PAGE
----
The Nordic Optical Telescope (NOT) is an 8.4-foot telescope perched at the top of the Roque de los Muchachos on the island of La Palma. Built in 1988 by the Scandinavian countries of Denmark, Sweden, Norway, Finland, and Iceland, it was the first major telescope ever to use adaptive optics to correct the vibrations of the air and get a clearer image of the sky.
The NOT has been a valuable tool for astronomers and continues to function today. Unfortunately for telescope enthusiasts, the observatory is located on one of the highest peaks in the Canary Islands and is quite hard to visit if you don’t work there. Fortunately, the NOT office thought of a way to remedy this: displaying a 1:32 scale Lego model of the telescope in its waiting room in San Antonio (Breña Baja).
The Lego model consists of a few hundred pieces and very accurately represents each aspect of the Nordic telescope, including its size, positioning, dome size, and so on. It also rotates and moves in the same way as the real deal. The model was created to celebrate the 30th anniversary of the telescope.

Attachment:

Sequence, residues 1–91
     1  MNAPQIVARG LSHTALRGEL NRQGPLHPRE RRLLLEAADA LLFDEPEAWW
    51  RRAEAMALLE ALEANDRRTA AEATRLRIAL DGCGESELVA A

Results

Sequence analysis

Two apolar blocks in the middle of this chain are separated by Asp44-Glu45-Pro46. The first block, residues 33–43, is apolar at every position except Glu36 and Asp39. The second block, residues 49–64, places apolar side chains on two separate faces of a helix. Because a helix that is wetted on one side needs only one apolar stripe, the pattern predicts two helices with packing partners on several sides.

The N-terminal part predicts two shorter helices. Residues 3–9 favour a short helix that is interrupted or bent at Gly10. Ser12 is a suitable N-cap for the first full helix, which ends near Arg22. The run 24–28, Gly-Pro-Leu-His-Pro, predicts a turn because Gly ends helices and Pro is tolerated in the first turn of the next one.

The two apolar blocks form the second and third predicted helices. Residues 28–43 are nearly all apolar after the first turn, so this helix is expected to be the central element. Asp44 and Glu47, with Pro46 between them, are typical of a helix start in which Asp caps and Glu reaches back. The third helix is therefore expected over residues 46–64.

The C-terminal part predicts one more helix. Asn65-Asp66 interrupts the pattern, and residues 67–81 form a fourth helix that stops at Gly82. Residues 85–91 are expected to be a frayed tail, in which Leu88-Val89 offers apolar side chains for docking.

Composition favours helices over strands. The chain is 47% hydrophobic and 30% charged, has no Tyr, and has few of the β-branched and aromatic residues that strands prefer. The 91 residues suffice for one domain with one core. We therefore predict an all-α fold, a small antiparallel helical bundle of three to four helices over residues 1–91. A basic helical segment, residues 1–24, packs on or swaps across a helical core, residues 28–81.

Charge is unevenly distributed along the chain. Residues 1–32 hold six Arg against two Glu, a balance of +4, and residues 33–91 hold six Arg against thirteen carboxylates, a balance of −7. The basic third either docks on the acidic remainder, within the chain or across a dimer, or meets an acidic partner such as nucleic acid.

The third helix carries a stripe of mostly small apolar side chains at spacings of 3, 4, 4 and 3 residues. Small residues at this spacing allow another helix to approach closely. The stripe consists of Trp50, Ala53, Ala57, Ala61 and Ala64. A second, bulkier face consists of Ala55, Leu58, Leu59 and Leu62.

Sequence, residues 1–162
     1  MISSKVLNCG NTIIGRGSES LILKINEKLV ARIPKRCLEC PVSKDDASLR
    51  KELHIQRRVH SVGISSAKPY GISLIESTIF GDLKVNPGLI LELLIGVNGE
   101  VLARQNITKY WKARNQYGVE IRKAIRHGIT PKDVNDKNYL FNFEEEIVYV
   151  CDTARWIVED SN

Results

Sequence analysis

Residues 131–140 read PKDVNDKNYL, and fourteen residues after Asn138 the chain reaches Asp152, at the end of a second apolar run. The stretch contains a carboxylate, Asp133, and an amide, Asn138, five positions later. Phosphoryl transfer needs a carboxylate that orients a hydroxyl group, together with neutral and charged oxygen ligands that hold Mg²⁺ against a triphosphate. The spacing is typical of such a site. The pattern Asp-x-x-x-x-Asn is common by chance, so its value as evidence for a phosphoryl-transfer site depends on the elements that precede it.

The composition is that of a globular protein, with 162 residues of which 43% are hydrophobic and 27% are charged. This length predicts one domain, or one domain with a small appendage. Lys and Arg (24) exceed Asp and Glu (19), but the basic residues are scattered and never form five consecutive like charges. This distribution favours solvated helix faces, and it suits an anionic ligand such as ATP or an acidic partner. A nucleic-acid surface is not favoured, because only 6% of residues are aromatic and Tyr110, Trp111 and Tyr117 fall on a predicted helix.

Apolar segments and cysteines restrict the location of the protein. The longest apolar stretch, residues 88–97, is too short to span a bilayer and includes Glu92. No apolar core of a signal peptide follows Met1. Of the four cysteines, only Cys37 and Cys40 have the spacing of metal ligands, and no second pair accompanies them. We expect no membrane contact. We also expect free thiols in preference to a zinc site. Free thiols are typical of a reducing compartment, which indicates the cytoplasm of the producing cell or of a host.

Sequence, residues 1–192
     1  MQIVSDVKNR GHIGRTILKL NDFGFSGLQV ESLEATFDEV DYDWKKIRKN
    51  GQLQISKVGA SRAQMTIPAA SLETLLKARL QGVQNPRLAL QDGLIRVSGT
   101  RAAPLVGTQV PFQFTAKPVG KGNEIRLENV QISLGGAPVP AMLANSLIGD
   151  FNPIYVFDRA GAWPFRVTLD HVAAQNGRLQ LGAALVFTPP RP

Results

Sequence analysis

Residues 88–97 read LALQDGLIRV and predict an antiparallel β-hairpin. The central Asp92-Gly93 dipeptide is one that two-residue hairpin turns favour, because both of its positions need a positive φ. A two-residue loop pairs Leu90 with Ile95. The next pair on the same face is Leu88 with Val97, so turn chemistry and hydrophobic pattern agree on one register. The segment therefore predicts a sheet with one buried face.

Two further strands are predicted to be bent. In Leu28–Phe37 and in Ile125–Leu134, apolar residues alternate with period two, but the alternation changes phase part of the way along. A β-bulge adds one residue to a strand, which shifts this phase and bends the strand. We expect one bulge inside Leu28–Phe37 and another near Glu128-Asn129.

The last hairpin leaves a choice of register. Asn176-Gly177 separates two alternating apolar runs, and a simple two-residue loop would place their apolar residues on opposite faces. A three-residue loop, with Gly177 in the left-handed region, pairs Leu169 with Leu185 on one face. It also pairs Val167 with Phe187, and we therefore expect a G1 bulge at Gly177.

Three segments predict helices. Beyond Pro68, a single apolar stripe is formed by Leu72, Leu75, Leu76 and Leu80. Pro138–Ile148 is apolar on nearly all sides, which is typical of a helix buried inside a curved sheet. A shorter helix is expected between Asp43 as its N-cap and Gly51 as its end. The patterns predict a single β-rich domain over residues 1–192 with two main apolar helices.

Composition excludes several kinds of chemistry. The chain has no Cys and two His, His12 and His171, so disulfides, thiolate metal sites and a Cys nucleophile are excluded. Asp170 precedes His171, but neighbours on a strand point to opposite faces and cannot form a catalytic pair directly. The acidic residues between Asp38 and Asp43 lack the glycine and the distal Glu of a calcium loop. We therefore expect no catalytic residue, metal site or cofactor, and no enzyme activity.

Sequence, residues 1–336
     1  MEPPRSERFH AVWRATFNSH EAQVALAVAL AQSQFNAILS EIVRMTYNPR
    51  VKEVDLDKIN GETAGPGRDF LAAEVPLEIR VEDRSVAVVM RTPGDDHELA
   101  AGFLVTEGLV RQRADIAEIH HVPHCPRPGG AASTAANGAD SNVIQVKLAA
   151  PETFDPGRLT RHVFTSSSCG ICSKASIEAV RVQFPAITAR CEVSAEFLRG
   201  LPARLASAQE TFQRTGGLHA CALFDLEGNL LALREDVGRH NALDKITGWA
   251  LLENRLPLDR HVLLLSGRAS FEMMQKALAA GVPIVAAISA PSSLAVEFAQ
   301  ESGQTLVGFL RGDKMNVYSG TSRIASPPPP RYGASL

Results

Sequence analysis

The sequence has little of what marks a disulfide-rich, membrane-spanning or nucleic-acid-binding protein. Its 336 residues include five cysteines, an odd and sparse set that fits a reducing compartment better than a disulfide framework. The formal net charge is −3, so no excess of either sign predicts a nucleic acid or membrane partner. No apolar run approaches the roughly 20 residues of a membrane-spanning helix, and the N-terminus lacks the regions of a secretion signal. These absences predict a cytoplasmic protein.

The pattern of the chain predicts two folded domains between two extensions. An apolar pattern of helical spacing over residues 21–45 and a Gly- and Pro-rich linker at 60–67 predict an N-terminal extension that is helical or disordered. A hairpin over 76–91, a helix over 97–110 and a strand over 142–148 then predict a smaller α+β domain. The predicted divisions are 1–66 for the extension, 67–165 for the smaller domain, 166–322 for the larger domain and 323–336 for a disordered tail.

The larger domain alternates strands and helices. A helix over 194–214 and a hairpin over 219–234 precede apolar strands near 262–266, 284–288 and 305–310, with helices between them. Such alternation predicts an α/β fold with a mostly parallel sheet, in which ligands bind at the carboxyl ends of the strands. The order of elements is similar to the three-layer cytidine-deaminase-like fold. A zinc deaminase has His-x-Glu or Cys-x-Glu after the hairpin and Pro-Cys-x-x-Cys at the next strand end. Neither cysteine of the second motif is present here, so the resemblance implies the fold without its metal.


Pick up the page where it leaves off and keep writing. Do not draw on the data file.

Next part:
Interestingly enough, the actual telescope also used Lego bricks to fix a problem with one of its instruments. The optical fibers that go to the FIES instrument perform better if they are shaken and in motion, so to achieve this one of the operators made a Lego fiber shaker with his son, and installed it in the basement of the telescope.
Know Before You Go
The NOT office is not necessarily open to the public, but you could always try to knock and see the Lego telescope. Its office hours are weekdays from 9 a.m. to 5 p.m. The real telescope is visible from the tourist lookout platform at the Roque de los Muchachos Observatory, so drive up there if you have the chance. Tours can be arranged through the NOT office.